No matter who you’re cheering for, the first three games of this First Round battle between the Montreal Canadiens and Toronto Maple Leafs have been an emotional roller coaster. Game 1 saw a scary injury to Leafs’ captain John Tavares and an all-time performance from Habs goalie Carey Price to give Montreal the early lead in the series. Game 2 saw the Leafs roar back with a vengeance, dominating the Canadiens en route to a 5-1 victory. Last night, Game 3 saw more health trouble for the Leafs, as Nick Foligno‘s late injury forced Alex Kerfoot into a top-six role, and he performed well in a 2-1 victory. Throughout these trials and tribulations on their way to a series victory, Jack Campbell in net for Toronto has been the one constant.
Jack Campbell Shutting Down Montreal en Route to Series Lead
The Story In Net So Far
Before the Puck Drop
Many were quick to give the goaltending edge in this series to Montreal given Carey Price’s playoff history. After all, he hasn’t posted a save percentage under .920 in a playoff run since 2013-14. Others were quick to give it to Toronto, given Price’s struggles this year (12-7-5, .901 SV%) in comparison to Campbell’s impressive 17-3-2 run to the finish.
Realistically, coming in, the goaltending was nearly a wash. Price’s playoff history couldn’t be ignored, and neither could Campbell’s inexperience. So far, Price’s history has come into play. Jack Campbell and his inexperience haven’t.
Making his playoff debut, the 29-year-old netminder’s only allowed four goals in three starts. His .951 save percentage jumps off the page, but let’s pump the brakes on the ridiculousness of that stat for a second. None of this is to discredit Campbell’s performance, but the Habs’ offence has struggled mightily to generate quality chances against an increasingly stingy Leafs’ defence corps.
How It’s Turned Out
Rather, the story is more around how incredible Carey Price has been in a losing effort. Despite a lower .929 save percentage, the Leafs’ have held the lion’s share of the chances, especially as their power-play unit is finally figuring itself out again. Per 60 minutes, Carey Price is saving 1.349 goals above expected this playoff run (MoneyPuck). That mark is second in the league among goalies to win multiple games, only behind the Winnipeg Jets‘ Connor Hellebuyck.
Toronto is getting ‘goalied’ here, and they’re being forced to win lower-scoring and lower-event games than in the past. When facing a netminder such as Price, you need a full team effort to emerge victoriously. Tristan Jarry, Matt Murray, and the Pittsburgh Penguins found that out the hard way last summer. Toronto’s skaters are doing their part, and Campbell’s above-average play is helping to create a scenario in which Montreal can’t get enough goal support to support Price.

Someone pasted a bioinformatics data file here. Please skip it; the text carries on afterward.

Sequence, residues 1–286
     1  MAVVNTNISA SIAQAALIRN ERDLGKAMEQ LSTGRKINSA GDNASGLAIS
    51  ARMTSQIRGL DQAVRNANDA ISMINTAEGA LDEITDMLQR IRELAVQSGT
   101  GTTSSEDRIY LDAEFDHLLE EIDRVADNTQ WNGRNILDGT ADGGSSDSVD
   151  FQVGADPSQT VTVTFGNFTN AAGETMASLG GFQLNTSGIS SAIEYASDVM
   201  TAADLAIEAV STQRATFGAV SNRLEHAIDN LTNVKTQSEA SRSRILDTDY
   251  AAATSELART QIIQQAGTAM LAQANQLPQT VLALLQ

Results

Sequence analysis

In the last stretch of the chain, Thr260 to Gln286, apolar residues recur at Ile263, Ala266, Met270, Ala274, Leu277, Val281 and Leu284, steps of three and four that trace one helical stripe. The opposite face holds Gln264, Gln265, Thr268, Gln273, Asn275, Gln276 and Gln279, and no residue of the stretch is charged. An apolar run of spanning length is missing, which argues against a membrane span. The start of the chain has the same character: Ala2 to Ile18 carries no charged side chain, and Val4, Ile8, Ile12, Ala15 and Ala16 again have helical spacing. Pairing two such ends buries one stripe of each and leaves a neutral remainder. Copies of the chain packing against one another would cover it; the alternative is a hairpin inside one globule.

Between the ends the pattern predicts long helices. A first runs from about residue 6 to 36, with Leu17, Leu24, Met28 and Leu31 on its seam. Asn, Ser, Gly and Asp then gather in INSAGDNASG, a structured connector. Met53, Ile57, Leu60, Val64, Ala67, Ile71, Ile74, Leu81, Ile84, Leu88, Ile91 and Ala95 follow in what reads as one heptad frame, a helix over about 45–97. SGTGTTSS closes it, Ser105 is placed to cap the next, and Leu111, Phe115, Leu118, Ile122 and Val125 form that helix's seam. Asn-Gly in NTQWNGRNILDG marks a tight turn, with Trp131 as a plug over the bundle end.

Balanced Attack Favoring the Leafs’ Possession Game
If the Canadiens were to pull off the upset in this series, their two major strengths would need to emerge. One has in Playoff Price. The other — their possession game at even strength — has not.
This has mainly stemmed from Montreal’s ability to limit chances for Toronto’s top line. Despite Zach Hyman being held off the scoresheet entirely so far, his lack of production isn’t currently hurting the team. Toronto’s top unit of him, Auston Matthews, and Mitch Marner have controlled 58.54 percent of scoring chances and 78.57 percent of high-danger scoring chances (Natural Stat Trick). If Montreal wants to get back in this series, they’ll need to figure out how to bring those numbers closer to 50 in what’s already a low-event series for them.
Toronto’s other lines have seen different looks throughout the series due to injury. William Nylander has had different linemates in every game, but he hasn’t let that slow him down with three goals and four points so far to lead all skaters. Moving into the Leafs’ bottom-six group, the veterans are starting to play a more disciplined game and even chipping in offensively, as Jason Spezza got on the board in Game 2. And despite not having a constant centre, Pierre Engvall and Ilya Mikheyev have formed quite a formidable shutdown force on the third line. They’re controlled 91.61 percent of expected goals and 75 percent of scoring chances in the series (Natural Stat Trick).
Keys for Success Moving Forward
For Montreal, coach Dominique Ducharme needs to find a way to overhaul their offensive attack. Rookie Cole Caufield looked impressive in Game 3, especially when given power-play time. He’ll need a more solid two-way game out of his line of Tomas Tatar, Phillip Danault, and Brendan Gallagher. That’s been one of their strengths, and they haven’t really produced chances or prevented them with consistency in this series. Goaltending will need to stay strong in order to win three out of their next five, but few predict that’ll be a problem.
The Leafs appear to have found a formula for success here. Their system has largely prevented consistent attacks from Montreal. And while they’ve let in some high-danger chances, Jack Campbell has been good enough to limit those effects on the scoresheet. They’ve been great in transition, limiting neutral zone turnovers and holding pucks in at the blueline to exhaust the Montreal defence.
Their first series win against Montreal since 1967 looks within reach. Consistency will be extremely important for both squads, especially ahead of a crucial Game 4 tonight.
And as always, thanks for reading.
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